Typically, being an international fugitive, living in countries that have regularly refused extradition requests or don’t have diplomatic relations with the United States, would be considered an aggravating factor at sentencing, according to Levin. Dibee’s sentence is the shortest of the 11 co-defendants who pleaded guilty years before him. Some were sentenced to as many as 13 years in prison.
“If we were to transport all those people from back then to now, the results would be different, the language would be different and I think you’d end up with a situation where there was less of this bullshit boogie man,” Schindler, Dibee’s lawyer, said.
Dibee said he has not kept in touch with his co-defendants.
“Some of them I don’t wish ill on,” Dibee said of his co-defendants, “but most of them are just vermin, they’re vermin.”
Judge Aiken, who has overseen the case since 2006, acknowledged during Dibee’s sentencing hearing in Eugene that the case was unusual because it “straddles time.”
“There’s no doubt that these acts were violent and meant to intimidate and create fear,” Aiken said. She noted that years ago she determined a terrorism enhancement under the sentencing guidelines applied to some defendants. That made it harder to have flexibility in sentencing, she noted.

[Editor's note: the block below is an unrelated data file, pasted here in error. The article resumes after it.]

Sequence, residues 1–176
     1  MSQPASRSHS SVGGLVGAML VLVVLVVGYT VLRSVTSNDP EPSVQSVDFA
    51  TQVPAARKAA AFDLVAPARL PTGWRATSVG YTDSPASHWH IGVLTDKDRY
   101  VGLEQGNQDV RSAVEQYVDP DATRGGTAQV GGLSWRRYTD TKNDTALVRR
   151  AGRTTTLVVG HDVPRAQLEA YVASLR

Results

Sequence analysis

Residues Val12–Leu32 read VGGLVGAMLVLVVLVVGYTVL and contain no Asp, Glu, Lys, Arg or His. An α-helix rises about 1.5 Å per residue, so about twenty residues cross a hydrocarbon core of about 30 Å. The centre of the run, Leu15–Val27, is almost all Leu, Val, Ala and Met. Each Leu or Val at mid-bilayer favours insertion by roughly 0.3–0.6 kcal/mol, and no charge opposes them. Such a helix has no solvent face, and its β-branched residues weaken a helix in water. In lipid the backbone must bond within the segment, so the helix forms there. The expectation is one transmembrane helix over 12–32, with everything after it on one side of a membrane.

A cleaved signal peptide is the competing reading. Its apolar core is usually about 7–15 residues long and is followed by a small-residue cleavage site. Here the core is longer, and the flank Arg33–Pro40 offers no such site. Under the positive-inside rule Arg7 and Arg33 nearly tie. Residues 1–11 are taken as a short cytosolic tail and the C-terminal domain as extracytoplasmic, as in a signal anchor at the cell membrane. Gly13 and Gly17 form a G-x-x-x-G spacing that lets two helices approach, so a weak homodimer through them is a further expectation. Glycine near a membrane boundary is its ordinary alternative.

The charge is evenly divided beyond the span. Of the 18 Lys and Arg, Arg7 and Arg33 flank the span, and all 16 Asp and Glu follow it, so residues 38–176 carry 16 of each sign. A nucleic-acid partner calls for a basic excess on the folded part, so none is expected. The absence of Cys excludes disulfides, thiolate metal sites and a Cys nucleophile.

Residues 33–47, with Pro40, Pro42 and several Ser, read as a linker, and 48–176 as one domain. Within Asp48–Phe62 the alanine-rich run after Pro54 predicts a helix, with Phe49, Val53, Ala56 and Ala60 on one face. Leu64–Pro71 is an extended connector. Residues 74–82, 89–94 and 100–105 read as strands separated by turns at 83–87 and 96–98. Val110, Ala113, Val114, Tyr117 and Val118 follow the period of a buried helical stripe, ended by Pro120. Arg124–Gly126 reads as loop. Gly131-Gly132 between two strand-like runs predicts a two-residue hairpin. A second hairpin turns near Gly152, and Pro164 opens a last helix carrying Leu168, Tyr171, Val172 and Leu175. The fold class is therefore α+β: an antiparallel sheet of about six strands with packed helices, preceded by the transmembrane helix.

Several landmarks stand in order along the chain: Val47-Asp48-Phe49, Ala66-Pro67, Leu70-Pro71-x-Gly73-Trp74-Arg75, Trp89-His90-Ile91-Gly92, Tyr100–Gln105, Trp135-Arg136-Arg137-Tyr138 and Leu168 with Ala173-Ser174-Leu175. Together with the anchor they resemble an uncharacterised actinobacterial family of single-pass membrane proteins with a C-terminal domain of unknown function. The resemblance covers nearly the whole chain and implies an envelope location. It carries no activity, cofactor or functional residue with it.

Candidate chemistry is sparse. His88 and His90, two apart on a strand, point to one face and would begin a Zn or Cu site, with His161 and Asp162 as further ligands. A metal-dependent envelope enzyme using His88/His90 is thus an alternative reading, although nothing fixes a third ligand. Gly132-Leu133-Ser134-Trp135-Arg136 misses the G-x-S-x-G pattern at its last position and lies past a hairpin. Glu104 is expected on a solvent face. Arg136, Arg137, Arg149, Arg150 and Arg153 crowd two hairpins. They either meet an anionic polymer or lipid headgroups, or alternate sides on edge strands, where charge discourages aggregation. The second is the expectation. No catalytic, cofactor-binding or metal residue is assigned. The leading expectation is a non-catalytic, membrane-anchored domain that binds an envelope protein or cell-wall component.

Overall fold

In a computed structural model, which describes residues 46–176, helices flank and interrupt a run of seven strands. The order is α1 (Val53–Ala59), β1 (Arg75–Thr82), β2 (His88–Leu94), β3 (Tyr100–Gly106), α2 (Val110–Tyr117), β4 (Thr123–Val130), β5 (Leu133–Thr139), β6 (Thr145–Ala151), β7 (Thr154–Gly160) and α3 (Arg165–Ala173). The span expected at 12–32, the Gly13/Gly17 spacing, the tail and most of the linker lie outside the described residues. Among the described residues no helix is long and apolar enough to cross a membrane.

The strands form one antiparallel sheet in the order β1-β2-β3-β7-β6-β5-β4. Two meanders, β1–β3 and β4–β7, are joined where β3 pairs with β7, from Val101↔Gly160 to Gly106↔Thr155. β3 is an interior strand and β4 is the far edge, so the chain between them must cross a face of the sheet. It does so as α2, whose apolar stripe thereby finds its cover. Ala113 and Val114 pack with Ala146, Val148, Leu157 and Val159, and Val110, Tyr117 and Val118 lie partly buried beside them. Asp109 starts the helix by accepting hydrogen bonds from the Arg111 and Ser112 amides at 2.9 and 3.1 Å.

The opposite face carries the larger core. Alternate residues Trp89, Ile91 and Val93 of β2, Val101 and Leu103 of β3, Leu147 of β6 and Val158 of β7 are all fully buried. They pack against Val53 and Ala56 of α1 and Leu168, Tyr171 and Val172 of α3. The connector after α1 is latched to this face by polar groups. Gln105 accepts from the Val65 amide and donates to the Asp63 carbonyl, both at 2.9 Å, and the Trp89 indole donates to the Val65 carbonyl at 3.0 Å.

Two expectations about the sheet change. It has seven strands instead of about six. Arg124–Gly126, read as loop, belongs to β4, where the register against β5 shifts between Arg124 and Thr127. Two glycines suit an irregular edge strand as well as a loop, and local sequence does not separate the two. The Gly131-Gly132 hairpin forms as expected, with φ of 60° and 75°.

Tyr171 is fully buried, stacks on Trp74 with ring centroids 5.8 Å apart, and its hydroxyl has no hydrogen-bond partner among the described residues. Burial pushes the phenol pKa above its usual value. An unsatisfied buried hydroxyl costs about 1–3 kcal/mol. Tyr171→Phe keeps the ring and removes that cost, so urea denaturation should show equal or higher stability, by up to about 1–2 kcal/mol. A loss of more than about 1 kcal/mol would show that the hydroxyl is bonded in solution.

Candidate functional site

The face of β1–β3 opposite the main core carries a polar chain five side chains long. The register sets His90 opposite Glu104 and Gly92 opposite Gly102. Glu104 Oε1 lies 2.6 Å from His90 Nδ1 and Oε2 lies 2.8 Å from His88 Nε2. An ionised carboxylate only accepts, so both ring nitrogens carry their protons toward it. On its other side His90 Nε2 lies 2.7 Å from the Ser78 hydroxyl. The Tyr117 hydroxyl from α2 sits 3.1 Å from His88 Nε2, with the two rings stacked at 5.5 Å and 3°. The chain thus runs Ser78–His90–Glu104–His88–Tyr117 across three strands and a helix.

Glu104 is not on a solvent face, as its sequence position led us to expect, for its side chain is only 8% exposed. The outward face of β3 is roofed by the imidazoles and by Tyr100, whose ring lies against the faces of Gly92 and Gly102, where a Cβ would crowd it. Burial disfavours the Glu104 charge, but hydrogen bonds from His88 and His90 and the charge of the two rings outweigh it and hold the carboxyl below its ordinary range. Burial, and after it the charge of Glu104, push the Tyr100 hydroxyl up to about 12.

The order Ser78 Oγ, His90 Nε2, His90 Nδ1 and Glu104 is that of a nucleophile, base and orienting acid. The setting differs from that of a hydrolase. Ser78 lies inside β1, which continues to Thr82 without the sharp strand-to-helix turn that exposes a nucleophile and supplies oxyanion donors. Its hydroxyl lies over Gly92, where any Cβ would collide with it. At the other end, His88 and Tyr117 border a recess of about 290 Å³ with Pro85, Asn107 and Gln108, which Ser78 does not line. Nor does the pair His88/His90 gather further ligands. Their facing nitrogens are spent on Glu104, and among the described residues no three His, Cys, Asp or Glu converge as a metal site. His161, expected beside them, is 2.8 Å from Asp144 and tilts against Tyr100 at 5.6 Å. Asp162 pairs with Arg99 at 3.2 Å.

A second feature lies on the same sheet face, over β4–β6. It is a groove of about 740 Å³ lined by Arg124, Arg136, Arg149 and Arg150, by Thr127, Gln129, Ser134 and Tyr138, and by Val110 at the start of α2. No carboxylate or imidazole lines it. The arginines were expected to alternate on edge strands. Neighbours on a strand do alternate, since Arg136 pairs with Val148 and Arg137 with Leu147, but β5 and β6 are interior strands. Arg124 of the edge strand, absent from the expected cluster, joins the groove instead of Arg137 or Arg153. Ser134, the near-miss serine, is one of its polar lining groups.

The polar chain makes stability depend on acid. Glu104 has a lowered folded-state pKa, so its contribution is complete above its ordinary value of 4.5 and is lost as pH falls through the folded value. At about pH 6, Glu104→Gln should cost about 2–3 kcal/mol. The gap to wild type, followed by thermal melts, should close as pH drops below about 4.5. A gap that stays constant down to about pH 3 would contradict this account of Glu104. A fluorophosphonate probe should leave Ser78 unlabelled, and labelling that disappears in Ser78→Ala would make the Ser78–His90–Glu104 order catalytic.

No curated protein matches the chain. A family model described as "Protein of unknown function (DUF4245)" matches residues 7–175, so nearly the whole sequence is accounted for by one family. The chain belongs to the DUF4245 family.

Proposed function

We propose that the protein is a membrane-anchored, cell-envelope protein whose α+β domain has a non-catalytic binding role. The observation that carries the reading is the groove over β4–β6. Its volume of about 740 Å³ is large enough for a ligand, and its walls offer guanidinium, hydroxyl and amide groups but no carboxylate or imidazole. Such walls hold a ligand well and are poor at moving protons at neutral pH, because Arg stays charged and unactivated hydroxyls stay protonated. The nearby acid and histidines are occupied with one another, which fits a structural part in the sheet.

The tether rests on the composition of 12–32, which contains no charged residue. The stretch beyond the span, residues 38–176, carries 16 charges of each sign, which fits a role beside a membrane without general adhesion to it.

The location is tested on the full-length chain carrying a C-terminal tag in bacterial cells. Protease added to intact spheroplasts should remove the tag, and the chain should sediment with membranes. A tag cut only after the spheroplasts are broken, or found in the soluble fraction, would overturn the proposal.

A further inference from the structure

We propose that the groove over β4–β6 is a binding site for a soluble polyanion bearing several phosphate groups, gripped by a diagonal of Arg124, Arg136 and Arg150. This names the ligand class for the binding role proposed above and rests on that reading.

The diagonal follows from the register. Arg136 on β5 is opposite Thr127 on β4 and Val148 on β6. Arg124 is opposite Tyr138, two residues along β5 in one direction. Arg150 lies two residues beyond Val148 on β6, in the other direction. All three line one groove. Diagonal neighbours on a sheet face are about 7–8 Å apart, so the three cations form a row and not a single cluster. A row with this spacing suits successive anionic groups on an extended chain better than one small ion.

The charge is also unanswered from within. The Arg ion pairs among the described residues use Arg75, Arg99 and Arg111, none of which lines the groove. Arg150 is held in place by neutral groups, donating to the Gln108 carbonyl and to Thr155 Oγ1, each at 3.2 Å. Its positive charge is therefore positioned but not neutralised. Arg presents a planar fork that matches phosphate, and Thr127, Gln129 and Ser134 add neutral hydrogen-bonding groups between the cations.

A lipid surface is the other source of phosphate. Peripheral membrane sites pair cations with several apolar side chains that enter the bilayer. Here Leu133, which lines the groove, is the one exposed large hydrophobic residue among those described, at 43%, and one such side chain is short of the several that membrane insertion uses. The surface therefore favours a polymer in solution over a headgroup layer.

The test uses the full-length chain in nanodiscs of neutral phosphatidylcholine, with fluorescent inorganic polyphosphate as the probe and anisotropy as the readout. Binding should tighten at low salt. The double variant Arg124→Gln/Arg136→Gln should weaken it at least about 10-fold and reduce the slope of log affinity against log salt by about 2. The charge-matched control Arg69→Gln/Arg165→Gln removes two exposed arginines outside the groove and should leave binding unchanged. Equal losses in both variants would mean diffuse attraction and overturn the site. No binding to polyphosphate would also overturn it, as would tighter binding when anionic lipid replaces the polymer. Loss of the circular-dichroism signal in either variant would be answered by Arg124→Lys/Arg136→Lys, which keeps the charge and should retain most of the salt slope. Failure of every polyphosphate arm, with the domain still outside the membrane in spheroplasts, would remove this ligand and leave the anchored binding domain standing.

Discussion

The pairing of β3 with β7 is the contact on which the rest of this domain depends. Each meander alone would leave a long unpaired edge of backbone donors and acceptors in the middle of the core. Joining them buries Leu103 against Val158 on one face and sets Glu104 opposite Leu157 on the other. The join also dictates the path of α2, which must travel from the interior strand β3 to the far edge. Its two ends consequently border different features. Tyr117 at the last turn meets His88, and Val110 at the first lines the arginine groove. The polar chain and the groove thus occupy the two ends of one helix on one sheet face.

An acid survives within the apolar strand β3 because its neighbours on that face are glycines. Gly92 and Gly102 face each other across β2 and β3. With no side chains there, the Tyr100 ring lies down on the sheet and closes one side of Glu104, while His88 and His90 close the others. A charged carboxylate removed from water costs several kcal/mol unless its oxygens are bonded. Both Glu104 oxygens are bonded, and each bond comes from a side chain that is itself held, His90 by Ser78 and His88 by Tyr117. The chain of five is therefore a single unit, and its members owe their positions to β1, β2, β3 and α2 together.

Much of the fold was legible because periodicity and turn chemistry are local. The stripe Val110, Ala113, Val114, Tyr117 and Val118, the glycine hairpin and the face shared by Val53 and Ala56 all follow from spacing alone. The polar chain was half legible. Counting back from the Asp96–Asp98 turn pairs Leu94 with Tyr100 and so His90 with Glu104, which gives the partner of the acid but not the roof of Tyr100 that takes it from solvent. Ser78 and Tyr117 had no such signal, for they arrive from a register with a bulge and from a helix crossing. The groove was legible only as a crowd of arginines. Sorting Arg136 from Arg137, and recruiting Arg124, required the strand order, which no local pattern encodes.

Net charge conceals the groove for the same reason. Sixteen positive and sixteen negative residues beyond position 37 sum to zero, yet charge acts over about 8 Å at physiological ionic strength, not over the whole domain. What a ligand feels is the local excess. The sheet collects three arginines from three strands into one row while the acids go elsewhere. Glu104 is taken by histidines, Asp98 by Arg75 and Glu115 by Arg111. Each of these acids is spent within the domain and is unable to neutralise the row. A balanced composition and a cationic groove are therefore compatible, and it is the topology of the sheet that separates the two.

“Thirty years ago, at the time these crimes were committed was very different — yet similar to today — where people are taking decisions into their own hands and acting out in ways that are both criminal and inappropriate and dangerous,” Aiken said. “You have demonstrated that you learned lessons — although belatedly.”
Kieran Ramsey, the special agent in charge of the FBI in Oregon, helped investigate some of the arsons 20 years ago while working in the FBI’s Seattle office. He thinks Dibee’s actions amounted to terrorism and should still be treated as such.
“I’m not wrapped up in, ultimately, what he got for a prison sentence,” Ramsey said in an interview this month. “Mr. Dibee did not get the terrorism enhancement. I think that there’s been a change in the world and a different view on this conduct since 2006, 2007.”
Despite that shift, Ramsey said the arsons set by the Earth Liberation Front and the Animal Liberation Front were “extremely dangerous” and caused harm.
“The fact is, it’s still terrorism,” Ramsey said.
The FBI is still searching for one remaining co-defendant, Josephine Sunshine Overaker.
Despite it dominating his life for decades, it seems Dibee is already moving on from his case.
Last month, he was in Alaska working with an organization that supports Native Alaskans. The group is hopeful a “smart buoy” that Dibee designed could help a remote oceanside village grow more kelp, and in doing so also combat climate change.